The opinion of the court was delivered by: GREENE
This case involves the authority of the Federal Deposit Insurance Corporation (FDIC) (1) to prohibit a bank officer, who may have participated in the making of imprudent loans, from working for any federally insured bank in the United States without prior permission from the FDIC, and (2) to take such action at the initiation of administrative procedures designed to determine the bank officer's culpability rather than at their conclusion.
In March of 1985, the FDIC, which is responsible for monitoring federally insured banks, and empowered to detect, prevent, and remedy violations of federal banking laws and unsafe banking practices,
commenced an examination of the Bank. The examination revealed a number of loans of allegedly "inferior quality," and according to the FDIC examiners, a check of the bank records revealed that plaintiff was associated in various degrees with the major portion of these problem loans.
Following this examination of Bank, the FDIC served a notice on plaintiff on August 5, 1985, advising him that, pursuant to 12 U.S.C. § 1818(e)(1) and (2), it was initiating administrative procedures to remove him from office at and to prohibit him from any future participation in any other federally insured bank. Further, under 12 U.S.C. § 1818(e)(4),
the FDIC issued an interim suspension order removing plaintiff from office and prohibiting him from further banking participation forthwith pending resolution of the administrative removal proceedings.
Plaintiff thereupon brought this action, petitioning the Court to set aside or stay the FDIC's interim suspension order, in accordance with 12 U.S.C. § 1818(f) -- a specific provision granting authority to the courts to stay FDIC interim suspension orders.
After a hearing and consideration of the papers submitted by the parties, the Court, on August 22, 1985, 617 F. Supp. 509, granted plaintiff's motion for a temporary stay and remanded the interim suspension order to the FDIC for reconsideration in light of the Court's Memorandum Order. Specifically, the Court prohibited the FDIC temporarily from acting against plaintiff under the broad terms of the August 5 suspension order, without prejudice, however, to the agency's issuance of new interim suspension orders on a bank-by-bank basis based upon an agency determination that the order was necessary to protect the particular bank. The Court noted in its Memorandum that a remand was necessary because the FDIC order did not contain a reasoned explanation of the factors justifying plaintiff's suspension from participation in the affairs of any federally insured bank, and that this precluded the Court from conducting a meaningful review of the agency decision. The Memorandum further explained that the suspension order also failed to provide any explanation as to the reasons for the drastic measure of an immediate suspension order as distinguished from some other, lesser measure, such as a cease-and-desist order under section 1818(c)(1)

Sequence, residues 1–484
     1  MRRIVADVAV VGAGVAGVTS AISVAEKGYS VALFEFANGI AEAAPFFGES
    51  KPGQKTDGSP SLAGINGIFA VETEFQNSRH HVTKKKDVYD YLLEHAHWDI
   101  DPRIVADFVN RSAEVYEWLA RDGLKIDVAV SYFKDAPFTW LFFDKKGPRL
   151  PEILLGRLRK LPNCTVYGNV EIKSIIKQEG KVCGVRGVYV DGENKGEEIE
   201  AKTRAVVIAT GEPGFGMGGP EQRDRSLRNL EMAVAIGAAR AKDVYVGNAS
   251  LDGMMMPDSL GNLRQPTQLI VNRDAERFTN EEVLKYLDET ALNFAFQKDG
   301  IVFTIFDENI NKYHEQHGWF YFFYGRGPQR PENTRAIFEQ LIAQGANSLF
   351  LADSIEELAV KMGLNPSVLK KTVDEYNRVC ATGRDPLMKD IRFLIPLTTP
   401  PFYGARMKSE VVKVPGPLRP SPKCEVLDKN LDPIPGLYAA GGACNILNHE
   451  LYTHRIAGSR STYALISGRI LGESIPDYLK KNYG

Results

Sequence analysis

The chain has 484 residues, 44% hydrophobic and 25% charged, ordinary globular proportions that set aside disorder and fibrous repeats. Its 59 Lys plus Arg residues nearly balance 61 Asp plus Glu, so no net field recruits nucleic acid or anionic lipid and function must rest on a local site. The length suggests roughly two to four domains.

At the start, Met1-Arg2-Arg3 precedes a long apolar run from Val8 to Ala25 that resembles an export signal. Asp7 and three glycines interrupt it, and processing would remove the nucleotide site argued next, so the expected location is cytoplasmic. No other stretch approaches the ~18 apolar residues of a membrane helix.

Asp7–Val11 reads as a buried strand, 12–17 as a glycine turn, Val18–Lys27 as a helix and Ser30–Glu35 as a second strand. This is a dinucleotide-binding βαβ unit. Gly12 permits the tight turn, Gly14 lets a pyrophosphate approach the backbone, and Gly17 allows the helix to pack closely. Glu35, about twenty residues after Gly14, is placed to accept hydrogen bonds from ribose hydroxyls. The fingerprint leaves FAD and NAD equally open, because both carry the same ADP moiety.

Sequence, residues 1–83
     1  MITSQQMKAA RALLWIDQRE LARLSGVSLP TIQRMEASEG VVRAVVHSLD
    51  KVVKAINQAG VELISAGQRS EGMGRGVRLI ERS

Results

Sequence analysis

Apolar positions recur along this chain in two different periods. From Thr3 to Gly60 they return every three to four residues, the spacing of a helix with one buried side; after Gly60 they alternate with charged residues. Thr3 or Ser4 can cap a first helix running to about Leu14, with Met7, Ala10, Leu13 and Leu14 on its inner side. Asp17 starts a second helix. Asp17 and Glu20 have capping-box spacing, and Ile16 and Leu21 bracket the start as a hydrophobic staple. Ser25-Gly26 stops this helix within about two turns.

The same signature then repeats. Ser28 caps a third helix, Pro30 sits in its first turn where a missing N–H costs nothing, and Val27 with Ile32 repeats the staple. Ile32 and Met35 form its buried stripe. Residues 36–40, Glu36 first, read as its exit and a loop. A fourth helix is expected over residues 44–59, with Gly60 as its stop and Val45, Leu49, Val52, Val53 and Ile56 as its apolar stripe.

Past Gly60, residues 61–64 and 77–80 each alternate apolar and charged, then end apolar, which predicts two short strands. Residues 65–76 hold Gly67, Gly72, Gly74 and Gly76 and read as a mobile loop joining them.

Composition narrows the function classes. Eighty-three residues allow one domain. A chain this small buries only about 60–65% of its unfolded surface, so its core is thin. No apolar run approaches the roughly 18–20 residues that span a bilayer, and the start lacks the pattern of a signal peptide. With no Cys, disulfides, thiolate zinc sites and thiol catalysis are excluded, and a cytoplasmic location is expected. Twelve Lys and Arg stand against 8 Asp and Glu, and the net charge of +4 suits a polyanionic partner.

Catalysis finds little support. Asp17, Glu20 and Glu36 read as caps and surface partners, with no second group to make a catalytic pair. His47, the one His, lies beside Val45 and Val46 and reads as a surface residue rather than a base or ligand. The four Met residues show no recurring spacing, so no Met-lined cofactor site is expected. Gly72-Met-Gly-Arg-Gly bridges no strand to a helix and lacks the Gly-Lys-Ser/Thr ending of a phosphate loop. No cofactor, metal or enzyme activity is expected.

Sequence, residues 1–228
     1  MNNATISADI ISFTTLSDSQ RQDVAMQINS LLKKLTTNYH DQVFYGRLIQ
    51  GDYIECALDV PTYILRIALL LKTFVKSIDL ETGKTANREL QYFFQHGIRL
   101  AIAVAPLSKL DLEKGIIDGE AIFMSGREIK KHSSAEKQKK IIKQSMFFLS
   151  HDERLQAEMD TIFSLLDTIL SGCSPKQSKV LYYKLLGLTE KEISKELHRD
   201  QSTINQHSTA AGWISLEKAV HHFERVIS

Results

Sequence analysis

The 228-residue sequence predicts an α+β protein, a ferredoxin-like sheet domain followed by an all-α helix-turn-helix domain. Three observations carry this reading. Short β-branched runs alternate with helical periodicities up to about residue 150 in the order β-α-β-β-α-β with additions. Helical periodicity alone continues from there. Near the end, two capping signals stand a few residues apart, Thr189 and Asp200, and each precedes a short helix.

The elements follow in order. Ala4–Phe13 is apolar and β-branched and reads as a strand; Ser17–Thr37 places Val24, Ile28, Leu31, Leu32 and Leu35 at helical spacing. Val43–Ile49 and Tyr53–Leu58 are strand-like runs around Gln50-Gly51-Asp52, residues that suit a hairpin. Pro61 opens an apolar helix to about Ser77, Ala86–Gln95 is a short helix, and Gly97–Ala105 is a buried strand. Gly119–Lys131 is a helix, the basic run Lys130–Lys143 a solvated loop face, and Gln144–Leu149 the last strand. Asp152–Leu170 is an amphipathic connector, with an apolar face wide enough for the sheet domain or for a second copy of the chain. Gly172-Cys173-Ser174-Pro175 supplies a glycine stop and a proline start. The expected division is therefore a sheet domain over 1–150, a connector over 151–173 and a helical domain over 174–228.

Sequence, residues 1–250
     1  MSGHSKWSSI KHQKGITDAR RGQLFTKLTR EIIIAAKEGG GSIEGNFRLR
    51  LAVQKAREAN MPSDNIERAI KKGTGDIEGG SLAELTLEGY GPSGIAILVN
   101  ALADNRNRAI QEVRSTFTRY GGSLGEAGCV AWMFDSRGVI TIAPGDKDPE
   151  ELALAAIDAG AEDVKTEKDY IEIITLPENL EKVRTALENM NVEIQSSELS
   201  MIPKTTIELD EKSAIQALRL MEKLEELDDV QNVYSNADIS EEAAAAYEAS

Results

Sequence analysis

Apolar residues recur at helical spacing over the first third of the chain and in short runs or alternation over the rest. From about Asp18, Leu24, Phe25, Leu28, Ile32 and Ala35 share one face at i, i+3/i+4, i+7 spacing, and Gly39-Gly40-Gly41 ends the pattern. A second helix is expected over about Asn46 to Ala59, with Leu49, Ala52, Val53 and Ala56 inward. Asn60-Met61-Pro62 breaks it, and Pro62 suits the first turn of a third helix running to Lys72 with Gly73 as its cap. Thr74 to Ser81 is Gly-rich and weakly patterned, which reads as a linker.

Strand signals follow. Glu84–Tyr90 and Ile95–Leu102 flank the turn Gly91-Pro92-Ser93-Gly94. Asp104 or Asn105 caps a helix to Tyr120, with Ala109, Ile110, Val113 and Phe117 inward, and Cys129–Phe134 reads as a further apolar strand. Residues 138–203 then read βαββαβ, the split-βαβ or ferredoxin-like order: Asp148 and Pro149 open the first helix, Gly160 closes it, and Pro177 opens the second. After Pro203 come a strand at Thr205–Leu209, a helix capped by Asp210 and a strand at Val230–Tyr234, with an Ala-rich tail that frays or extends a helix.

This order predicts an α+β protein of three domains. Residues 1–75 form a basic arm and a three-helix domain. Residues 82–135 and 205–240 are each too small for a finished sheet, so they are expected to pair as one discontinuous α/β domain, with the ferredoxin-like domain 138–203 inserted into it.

or an order under section 1818(e)(1) or (e)(2) (which would have effected plaintiff's removal following the completion of the administrative proceedings).
The apparent lack of criteria to guide the agency's discretion in choosing between emergency suspension orders issued at the initiation of administrative proceedings, and ordinary orders issued following the administrative process, led the Court to suggest that the FDIC promulgate some standards to guide agency officials in that regard, and incidentally thereby also to provide the courts with an adequate basis for review.
Upon remand, the FDIC reconsidered and rescinded the August 5 order, replacing it on September 9, 1985 with an Amended Order of Suspension.
The Amended Order contains two basic provisions: (1) it prohibits plaintiff from further participation in the affairs of both the and the banks pending the outcome of the administrative proceedings; and (2) it requires plaintiff to secure prior written approval before serving or acting as a director, officer, or employee of any federally insured bank or voting for a director of any such bank.
On September 16, 1985, plaintiff petitioned the Court for a stay of the Amended Order, challenging it on the same grounds as asserted against the original order, as failing to provide an adequate legal and factual rationale for the blanket prohibition and, more broadly, as exceeding the agency's statutory authority.
The FDIC opposed plaintiff's request for the stay, claiming that it had reconsidered plaintiff's suspension in accordance with the Court's Memorandum Order and had issued a narrower suspension order justified under the circumstances. The FDIC further claimed full authority under the statutory scheme to issue broad, industry-wide orders.